Rat -- During WWI, the Vickers was used in an indirect fire (or sometimes called map shooting) role to “pepper” an area with plunging fire. The distance of the fire was set from range tables which provided the elevation of the gun in degrees. Range tables were eventually replaced with a slide rule-like device. This elevation was set using the clinometer.
The direction of fire, or deflection, was determined from a map (hence, map shooting) and maintained using a fixed point of aim such as an aiming stake and a deflection bar. The deflection bar allowed the gunner to set and check the direction of the fire (i.e., degrees left or right) relative to something like an aiming stake. The whole process is similar to aiming artillery or mortars. The clinometer and deflection bar were largely replaced for laying the gun during WWII with a dial sight which is similar in function to an artillery or mortar sight. The clinometer remained in use to double-check the dial sight's elevation --- you obviously want to avoid accidently dropping fire onto your own troops whrn firing over their heads. One of the reasons the Vickers was obsoleted was that its indirect role was completely replaced by the 81mm mortar by the early 1960s. I might add that the 1917 and 1919 Browning could be used in a similar role, however, US tactics did not seem to emphasize this use. Such plunging fire was called “Hard Rain” which is the title of Frank Iannamico's book on the Browning.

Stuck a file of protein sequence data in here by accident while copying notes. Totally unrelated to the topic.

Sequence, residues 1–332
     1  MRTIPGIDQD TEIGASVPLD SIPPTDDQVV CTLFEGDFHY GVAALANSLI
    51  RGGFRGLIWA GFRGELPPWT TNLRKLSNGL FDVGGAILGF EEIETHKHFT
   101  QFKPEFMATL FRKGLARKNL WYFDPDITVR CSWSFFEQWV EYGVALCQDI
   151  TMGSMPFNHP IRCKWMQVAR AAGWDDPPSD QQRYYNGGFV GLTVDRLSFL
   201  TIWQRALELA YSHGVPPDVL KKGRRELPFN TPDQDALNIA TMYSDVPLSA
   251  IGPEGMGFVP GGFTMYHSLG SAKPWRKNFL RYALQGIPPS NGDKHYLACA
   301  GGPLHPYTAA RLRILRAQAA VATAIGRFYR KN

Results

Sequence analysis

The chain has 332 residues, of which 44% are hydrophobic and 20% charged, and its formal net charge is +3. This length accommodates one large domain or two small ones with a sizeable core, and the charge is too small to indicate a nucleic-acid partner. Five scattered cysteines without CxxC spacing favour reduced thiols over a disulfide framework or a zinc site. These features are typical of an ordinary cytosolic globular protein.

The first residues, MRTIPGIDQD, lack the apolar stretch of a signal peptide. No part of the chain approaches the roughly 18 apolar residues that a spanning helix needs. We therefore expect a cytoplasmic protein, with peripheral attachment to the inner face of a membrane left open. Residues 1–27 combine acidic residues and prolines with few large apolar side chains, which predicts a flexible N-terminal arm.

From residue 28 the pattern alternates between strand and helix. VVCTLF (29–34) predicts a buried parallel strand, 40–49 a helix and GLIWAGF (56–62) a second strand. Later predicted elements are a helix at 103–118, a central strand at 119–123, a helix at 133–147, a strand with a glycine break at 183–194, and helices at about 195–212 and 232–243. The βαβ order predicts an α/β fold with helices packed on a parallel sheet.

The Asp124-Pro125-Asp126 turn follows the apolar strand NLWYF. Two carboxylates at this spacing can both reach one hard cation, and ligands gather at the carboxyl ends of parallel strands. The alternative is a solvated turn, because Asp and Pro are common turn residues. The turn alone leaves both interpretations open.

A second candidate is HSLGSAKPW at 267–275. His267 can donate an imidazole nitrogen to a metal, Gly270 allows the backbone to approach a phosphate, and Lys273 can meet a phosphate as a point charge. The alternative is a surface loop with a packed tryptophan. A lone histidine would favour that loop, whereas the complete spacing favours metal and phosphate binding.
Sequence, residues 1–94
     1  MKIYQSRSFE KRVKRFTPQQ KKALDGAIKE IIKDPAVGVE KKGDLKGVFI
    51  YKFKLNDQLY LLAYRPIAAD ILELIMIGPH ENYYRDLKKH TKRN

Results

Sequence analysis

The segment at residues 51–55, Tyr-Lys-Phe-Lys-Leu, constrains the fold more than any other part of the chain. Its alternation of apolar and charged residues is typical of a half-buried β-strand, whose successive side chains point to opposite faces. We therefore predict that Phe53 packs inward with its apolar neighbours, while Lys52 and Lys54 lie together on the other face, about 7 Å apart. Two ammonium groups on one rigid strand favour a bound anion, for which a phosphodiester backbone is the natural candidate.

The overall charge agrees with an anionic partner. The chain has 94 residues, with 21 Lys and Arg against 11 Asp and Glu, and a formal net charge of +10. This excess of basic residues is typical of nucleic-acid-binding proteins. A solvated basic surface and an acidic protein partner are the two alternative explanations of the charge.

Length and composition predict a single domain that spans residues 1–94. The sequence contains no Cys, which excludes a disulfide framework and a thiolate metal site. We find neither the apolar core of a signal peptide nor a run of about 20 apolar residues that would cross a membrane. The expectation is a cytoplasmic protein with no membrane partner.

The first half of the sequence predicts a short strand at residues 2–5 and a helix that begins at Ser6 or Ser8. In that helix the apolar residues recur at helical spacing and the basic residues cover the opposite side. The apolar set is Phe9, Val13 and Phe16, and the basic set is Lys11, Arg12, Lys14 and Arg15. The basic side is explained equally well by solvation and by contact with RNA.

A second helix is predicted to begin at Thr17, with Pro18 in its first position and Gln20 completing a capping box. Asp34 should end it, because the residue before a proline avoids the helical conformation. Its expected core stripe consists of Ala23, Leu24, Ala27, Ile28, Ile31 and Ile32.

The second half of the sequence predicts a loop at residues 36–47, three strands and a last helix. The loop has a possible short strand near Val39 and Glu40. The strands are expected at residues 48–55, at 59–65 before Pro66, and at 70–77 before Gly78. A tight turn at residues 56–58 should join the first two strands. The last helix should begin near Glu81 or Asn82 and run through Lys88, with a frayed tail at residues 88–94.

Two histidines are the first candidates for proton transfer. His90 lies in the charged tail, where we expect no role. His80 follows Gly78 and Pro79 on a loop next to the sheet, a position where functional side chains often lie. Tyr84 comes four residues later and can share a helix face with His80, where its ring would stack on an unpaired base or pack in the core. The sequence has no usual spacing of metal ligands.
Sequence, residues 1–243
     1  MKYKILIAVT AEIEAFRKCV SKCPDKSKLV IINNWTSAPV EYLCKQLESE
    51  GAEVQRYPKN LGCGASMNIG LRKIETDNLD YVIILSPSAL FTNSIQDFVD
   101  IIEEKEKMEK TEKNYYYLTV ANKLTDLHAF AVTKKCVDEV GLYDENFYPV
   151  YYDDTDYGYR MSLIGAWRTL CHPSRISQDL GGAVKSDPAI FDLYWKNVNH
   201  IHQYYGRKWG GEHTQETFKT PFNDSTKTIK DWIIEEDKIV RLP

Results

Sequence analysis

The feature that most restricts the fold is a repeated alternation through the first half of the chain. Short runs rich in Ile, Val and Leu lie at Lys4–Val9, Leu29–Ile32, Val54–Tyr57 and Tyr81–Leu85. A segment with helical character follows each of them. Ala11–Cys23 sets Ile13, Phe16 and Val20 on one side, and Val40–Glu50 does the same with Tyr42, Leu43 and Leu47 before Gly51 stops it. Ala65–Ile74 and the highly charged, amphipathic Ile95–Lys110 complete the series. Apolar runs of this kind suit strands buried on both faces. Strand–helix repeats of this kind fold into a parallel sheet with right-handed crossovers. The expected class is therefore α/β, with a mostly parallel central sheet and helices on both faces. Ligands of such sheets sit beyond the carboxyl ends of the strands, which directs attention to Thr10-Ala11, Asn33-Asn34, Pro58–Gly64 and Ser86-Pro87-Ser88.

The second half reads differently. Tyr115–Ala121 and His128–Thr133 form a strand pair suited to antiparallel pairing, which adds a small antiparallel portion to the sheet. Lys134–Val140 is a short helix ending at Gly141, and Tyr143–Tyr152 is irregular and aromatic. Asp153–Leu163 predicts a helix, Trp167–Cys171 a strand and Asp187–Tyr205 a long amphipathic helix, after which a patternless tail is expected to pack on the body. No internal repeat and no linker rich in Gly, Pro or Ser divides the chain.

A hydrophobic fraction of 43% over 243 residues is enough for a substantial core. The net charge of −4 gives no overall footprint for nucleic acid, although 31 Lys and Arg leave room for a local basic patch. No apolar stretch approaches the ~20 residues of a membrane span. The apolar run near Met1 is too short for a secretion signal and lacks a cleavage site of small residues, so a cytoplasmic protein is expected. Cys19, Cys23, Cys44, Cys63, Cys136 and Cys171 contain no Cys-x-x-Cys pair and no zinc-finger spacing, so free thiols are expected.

Hope this adequately explains it. This all bring me back to my days of being an 81mm platoon leader.